The Pitch: The One That I Want for Chanel No. 5
The Plot: Mysterious surfer model Gisele Bündchen rides a wave into Michiel Huisman's heart.
The Verdict: If this looks a little schmaltzy it should come as no surprise then that it was directed by Australia's king of overblown drama, Baz Luhrmann. Does it make sense? Nope. Is it on brand? Absolutely. Continue reading...
chew on this
Posted by Mark J. Miller on October 17, 2014 12:01 PM
Let it go... into your grocery cart.
Apples may not have had anything to do with the plot of last year’s megahit Frozen, but that doesn’t mean the marketing geniuses at Disney don't see the fruit (which got such a bad rap, after all, in Snow White) as an opportunity to continue the momentum and get kids to eat healthier.
Disney, the 13th Best Global Brand (which turned 91 this week), has been on a kick to get kids to eat better since 2006. Since then, more than 4.1 billion servings of Disney-branded fruits and vegetables have been served up, while sales of its branded fruits and vegetables have tripled just in the last two years.
Now comes the latest Disney-branded produce, just in time for holiday baking: bags of apples branded with either characters from Frozen or Spider-Man. Why should grocers stock (and shoppers buy) Spidey apples and Frozen fruit?Continue reading...
Posted by Sheila Shayon on October 17, 2014 11:08 AM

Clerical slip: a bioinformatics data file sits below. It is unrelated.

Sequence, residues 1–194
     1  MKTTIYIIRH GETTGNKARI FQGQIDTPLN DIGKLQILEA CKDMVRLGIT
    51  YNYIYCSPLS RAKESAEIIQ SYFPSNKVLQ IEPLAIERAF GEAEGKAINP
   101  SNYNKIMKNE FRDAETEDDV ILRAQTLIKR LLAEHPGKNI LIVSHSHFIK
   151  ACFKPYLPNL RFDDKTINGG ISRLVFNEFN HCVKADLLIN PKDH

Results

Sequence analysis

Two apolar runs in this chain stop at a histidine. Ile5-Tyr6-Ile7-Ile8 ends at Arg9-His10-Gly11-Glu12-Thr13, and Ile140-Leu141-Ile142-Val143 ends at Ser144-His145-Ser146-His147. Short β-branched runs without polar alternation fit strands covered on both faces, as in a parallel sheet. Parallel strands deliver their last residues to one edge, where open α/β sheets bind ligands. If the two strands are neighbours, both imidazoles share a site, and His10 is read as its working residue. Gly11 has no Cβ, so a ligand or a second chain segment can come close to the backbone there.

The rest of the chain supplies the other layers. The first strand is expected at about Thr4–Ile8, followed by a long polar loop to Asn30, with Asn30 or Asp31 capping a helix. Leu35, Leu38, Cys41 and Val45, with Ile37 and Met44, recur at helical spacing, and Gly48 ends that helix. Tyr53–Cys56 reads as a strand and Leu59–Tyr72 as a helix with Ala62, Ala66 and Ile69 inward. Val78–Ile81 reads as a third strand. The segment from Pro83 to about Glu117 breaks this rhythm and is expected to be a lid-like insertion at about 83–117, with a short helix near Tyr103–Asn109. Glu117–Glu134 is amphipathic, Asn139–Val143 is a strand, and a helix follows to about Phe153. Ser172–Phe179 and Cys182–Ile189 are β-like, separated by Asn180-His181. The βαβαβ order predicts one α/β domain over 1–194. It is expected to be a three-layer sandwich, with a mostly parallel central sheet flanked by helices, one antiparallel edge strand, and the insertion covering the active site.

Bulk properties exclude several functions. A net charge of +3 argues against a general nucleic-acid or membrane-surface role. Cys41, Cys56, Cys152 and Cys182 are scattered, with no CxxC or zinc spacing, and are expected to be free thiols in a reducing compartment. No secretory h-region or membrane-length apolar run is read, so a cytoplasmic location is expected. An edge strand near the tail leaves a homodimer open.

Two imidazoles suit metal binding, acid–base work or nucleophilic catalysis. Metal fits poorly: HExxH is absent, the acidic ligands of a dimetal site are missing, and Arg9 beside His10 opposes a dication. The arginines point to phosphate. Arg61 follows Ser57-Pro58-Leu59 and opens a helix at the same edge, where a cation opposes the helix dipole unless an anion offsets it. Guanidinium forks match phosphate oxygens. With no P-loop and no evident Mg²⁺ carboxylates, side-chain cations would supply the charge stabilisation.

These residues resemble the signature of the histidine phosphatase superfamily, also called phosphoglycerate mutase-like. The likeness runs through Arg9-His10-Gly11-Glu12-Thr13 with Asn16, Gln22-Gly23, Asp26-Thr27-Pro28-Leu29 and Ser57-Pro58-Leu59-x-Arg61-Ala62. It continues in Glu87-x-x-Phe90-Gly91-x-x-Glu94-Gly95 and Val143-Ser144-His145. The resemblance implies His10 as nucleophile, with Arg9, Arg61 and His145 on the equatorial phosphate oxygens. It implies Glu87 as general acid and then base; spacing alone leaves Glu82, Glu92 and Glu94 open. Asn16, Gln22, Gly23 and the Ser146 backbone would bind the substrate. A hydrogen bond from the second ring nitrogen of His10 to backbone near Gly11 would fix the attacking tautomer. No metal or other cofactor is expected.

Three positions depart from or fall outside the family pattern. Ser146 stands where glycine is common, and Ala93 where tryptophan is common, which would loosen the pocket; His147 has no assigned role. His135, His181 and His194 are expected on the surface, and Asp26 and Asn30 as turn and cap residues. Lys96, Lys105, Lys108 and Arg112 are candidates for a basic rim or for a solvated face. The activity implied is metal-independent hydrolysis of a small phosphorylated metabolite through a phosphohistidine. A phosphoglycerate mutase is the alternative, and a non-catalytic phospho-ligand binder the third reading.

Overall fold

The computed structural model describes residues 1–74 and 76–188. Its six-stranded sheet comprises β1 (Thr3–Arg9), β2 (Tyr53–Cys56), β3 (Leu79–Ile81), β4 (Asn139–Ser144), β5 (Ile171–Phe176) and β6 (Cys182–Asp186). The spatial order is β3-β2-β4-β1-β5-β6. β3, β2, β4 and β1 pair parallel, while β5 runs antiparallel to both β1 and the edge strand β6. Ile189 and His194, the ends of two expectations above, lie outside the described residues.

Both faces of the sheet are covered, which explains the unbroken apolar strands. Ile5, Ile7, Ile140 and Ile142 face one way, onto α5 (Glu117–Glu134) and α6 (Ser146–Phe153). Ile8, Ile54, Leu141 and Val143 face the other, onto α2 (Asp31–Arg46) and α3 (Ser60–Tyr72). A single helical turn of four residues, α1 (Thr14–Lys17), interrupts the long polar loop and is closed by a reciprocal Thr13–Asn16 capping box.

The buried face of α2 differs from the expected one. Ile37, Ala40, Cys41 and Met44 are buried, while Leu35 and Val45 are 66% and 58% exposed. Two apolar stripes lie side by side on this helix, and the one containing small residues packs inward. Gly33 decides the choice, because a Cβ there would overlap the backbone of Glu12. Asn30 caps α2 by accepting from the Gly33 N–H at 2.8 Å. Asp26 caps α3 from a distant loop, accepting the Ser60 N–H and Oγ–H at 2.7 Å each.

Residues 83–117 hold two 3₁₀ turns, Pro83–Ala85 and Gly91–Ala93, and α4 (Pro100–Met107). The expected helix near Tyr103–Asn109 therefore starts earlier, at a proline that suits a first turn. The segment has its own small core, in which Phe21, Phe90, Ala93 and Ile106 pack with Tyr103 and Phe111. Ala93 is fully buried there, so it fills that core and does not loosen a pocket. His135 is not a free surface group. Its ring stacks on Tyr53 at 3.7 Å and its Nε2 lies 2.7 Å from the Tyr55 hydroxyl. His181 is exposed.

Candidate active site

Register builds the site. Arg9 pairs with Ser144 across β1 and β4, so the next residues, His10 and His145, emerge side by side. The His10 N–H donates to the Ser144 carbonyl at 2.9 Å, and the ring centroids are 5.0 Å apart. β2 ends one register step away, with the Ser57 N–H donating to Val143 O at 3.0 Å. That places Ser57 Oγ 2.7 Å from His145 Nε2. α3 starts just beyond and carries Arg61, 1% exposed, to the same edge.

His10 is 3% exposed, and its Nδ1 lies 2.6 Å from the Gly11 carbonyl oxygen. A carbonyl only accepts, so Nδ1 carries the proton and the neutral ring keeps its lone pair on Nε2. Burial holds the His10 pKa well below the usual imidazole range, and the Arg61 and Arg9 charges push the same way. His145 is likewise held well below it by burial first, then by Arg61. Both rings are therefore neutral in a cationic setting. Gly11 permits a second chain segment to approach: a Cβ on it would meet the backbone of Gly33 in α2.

Starbucks is on a tear, unveiling a “roadmap of innovations” to “further transform and elevate the Starbucks Experience in Holiday 2014 and beyond.”
Top of the list: Pay Ahead, a US-only mobile order and payment program that will be available nationwide by the end of 2015, starting in Portland, Oregon, in the fourth quarter.
The coffee giant (up 22% on Interbrand's Best Global Brands this year) is targeting its mobile-first messaging at its core millennial customer base, who prefers to order on a smartphone, and appreciates incentives in the Starbucks customer rewards program mobile app such as free beverages.
About 15% of all Starbucks purchases are made with mobile devices, and many brands are lining up to sign up in the mobile payment app arena. Dunkin' Donuts rolled out its mobile payment app in 2012, and both Taco Bell and McDonald’s are working on proprietary apps.Continue reading...